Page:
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Animal vs Human Language

Posted on:October 14, 2020 at 01:00 PM

For as long as organized human civilization has existed, we have been able to use language in order to communicate and develop new ideas that are integral to the growth of the individual and the evolutionary success of our species. The components of language, however, are not unique to humans; there are many species of animals that, to a certain degree, can utilize and process language. In this context, language refers to the ability to communicate with others by utilizing a shared set of symbols or vocalizations to convey meaning. For example, honeyguide birds have adapted to interpret human calls in order to help them locate beehives, while house pets, due to domestication by humans, have evolved vocalizations such as barking or meowing to convey their emotional states (Gross). Yet, one of the most defining features of animals is that they are unable to completely emulate human language, or in other words, they are unable to speak like humans do. So why can’t animals utilize language at a comparable complexity to how humans can?

The key to answering this question lies in the idea of the combinatoriality, or the propensity to form various combinations, of different language components. In turn, this combinatoriality drives the complexity of human thought and language. Although animal and human faculties of communication share certain similarities, it is the extra step of being able to connect the many discrete facets of language and language processing that elevates human language above most other forms of animal communication.

To clarify, human language depends largely on a discrete combinatorial system, wherein a limited number of components combine to create a near-infinite amount of output. Its components consist of the abilities to comprehend and create phonology, syntax, semantics, and relies on our physiological development, suited towards language creation and processing. Together, these processes and phenomena create the opportunity for humans to produce language that ensures not just their survival, but their overwhelming success.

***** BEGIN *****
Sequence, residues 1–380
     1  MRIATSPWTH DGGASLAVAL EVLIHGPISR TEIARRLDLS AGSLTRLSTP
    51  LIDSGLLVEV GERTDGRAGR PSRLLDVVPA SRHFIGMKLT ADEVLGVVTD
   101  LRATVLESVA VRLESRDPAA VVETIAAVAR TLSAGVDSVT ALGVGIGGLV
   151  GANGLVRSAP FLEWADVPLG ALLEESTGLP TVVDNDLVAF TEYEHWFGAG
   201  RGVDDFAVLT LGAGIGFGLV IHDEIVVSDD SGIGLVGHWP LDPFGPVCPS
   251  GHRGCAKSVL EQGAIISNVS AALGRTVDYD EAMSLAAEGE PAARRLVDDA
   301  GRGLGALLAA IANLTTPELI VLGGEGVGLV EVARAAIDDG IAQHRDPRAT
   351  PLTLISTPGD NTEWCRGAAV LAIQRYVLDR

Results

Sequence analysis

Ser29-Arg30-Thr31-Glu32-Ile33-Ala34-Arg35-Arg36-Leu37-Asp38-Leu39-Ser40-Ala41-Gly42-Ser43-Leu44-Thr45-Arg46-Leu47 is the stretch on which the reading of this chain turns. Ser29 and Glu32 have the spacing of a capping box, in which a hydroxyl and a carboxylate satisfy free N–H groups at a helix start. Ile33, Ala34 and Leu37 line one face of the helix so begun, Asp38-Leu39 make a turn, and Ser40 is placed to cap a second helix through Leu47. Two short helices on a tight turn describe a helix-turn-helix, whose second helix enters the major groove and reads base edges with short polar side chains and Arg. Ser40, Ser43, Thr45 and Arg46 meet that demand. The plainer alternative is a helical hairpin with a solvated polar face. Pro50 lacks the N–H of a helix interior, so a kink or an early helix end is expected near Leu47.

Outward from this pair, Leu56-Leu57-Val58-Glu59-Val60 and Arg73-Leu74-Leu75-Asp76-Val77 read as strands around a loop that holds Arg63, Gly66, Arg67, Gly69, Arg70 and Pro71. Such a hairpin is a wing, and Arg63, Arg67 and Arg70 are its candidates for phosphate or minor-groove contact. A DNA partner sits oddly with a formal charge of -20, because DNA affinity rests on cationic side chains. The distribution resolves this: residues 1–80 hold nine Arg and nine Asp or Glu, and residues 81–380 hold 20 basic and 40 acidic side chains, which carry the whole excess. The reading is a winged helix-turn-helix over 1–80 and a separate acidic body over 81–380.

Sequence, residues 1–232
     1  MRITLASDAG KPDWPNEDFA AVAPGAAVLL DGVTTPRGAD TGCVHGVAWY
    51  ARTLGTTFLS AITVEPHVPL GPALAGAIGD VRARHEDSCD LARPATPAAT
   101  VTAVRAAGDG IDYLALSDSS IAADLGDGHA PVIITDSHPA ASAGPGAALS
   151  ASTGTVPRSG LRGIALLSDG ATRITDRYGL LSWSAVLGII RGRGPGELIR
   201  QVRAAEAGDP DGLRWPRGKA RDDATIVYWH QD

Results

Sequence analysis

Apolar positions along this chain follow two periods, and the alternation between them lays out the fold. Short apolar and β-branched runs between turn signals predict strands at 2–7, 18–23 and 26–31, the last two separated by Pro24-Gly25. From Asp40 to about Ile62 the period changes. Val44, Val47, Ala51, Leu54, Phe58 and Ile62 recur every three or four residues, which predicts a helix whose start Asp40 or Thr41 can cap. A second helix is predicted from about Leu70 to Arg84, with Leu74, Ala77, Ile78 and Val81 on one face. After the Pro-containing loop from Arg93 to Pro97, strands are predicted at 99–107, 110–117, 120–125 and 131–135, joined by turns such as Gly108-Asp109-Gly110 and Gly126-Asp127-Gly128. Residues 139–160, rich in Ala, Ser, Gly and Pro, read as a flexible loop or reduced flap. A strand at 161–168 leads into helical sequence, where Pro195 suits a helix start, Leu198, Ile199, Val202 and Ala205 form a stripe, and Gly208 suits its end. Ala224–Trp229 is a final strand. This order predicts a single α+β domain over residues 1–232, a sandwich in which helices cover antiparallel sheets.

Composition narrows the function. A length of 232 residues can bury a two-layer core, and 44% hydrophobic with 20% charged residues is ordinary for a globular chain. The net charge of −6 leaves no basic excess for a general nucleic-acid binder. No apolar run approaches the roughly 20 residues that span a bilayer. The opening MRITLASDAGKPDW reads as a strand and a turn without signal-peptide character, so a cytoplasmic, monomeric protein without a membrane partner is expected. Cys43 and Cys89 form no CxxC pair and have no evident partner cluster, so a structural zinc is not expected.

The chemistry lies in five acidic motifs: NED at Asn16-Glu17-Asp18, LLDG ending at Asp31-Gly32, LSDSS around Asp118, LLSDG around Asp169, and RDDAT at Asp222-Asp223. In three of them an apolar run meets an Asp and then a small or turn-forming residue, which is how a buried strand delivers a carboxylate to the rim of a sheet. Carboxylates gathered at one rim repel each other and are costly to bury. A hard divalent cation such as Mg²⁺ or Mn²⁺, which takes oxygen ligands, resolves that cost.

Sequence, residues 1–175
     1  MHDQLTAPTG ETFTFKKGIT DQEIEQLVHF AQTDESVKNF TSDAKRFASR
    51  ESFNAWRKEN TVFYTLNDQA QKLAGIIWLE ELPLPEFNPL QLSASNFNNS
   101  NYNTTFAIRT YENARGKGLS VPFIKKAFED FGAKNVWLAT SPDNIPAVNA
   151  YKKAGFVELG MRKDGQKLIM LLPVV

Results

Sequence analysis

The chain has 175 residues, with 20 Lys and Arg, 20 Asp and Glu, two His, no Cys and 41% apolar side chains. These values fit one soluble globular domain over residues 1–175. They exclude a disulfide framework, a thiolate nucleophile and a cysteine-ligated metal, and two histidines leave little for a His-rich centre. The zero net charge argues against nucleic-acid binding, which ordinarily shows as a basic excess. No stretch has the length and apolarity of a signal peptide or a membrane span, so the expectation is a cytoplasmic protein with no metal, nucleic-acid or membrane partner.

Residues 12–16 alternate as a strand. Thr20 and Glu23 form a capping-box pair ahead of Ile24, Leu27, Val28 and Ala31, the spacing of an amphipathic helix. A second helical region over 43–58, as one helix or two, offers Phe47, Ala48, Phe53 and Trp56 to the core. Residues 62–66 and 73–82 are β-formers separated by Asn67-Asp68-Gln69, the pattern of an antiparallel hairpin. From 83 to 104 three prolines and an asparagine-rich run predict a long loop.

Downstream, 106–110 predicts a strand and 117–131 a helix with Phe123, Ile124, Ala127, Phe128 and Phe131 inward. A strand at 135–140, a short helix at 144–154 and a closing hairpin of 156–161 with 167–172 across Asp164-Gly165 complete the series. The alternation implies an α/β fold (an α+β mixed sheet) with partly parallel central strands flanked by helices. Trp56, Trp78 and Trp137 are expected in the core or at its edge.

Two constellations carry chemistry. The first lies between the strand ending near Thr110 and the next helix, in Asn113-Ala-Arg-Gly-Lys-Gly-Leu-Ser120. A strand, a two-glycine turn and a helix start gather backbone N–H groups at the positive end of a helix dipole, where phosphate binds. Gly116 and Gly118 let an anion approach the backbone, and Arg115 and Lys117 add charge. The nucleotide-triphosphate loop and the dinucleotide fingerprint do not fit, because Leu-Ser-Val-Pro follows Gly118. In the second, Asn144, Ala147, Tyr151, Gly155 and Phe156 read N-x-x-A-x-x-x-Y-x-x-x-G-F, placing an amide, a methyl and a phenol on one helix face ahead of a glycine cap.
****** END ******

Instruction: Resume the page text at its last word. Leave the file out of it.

With regard to the first of these components, phonology, or the sound system of a language, animals exhibit varying degrees of success in emulating and understanding human phonemes. Dogs, for example, not only are able to understand commands that they have been conditioned to, but also respond to emotional content communicated by their associated humans (Gross). Most remarkably, an African gray parrot named Alex has been shown to be able to name things, request specific food items, and even ask a question in addition to being able to repeat human words and phrases (Gross). Even so, the complexity of phonological processing that animals are capable of pales in comparison to that of humans. Not only do humans understand phonemes, according to Steven Pinker in his book The Language Instinct, they are additionally able to take phonemes and “sample and permute” them in various ways to create morphemes, the building blocks of words. Additionally, humans can mentally delineate words in speech they hear by imagining a word boundary when specific phonemes that match word endings are heard. In this respect, humans can extend upon the general skill of phonology to create and understand complex language.